More Singaporeans are not affiliated with any religion
A 2015 household survey revealed that more Singaporeans are not identifying themselves with any religion. Compared to six years ago, those who claim to have no religious affiliation contribute to 18.5 percent of the population in 2015. In 2010, 17 percent of Singaporeans were non-religious.
23 percent of the younger demographic, those aged 15 to 24, said they have no religious affiliation.
Meanwhile, religiosity is growing
This is despite concerns of growing religiosity in Singapore.
In late February, the Catholic Church in Singapore was up in arms about Madonna’s concert because of the concert’s catholic references. The M18 rating for the ‘Rebel Heart’ concert mean that religious-themed songs like ‘Holy Water’ were left unperformed.
— MadonnaNed (@madonnaned) February 29, 2016
Archbishop William Goh’s condemned her, saying that “we should subscribe to authentic arts that lead us to God… and not support the ‘pseudo arts’ that promote sensuality, rebellion, disrespect, pornography”.
The growing threat of religious extremism
Then the is the ever-looming threat of extremism.
In January, 27 Bangladeshis were were caught for considering militant acts overseas and back in their homelands. Most of them were repatriated.
The threat of the Islamic State (ISIS) ideology brewing in Singapore is real. There is growing ISIS influence in the region, with some 700 Indonesians and more than 150 Malaysians joining the terror group in the Middle East. At least seven young men have been influenced by ISIS and arrested for trying to join the fight in Syria or Iraq.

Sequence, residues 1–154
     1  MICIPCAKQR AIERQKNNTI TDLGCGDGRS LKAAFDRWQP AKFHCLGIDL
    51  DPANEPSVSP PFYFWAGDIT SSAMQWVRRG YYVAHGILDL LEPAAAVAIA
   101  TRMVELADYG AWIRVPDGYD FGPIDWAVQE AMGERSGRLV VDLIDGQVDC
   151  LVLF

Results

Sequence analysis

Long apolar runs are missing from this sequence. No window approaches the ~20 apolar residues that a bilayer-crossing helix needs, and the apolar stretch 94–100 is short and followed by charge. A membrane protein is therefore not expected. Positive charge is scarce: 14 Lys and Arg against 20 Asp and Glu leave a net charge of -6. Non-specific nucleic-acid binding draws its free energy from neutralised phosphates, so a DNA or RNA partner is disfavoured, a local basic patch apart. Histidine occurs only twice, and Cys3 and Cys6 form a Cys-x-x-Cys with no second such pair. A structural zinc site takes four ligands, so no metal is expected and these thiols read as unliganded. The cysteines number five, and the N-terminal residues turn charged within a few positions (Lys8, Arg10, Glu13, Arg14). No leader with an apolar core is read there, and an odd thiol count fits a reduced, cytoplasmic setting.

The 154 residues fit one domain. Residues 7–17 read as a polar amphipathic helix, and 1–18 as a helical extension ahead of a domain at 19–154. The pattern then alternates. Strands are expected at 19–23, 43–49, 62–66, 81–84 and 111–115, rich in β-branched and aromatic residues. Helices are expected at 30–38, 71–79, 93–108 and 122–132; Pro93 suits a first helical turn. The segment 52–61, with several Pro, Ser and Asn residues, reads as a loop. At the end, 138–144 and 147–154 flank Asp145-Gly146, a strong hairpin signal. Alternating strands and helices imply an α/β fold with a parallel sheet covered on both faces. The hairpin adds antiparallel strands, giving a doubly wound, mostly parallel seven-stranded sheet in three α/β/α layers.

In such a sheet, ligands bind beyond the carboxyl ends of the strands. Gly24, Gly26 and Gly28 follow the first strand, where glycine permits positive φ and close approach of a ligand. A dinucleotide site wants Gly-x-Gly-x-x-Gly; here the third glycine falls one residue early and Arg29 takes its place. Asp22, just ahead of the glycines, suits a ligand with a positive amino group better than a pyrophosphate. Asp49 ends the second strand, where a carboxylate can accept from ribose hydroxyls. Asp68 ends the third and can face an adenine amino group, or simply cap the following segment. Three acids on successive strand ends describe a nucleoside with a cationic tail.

Possible to see people with growing religiosity and more people without religious affiliation
Interestingly, sociologist Tan Ern Ser told local media that it was possible to see both more people without religious affiliation and growing religiosity at the same time. He added that growth in religiousness might be a response to secularisation. Meanwhile, those who do not associate themselves with a religion, might actually have one but may not be a mainstream religion.
Since Singapore is a secular country, it is also possible that people just don’t discuss religion in public spaces too.
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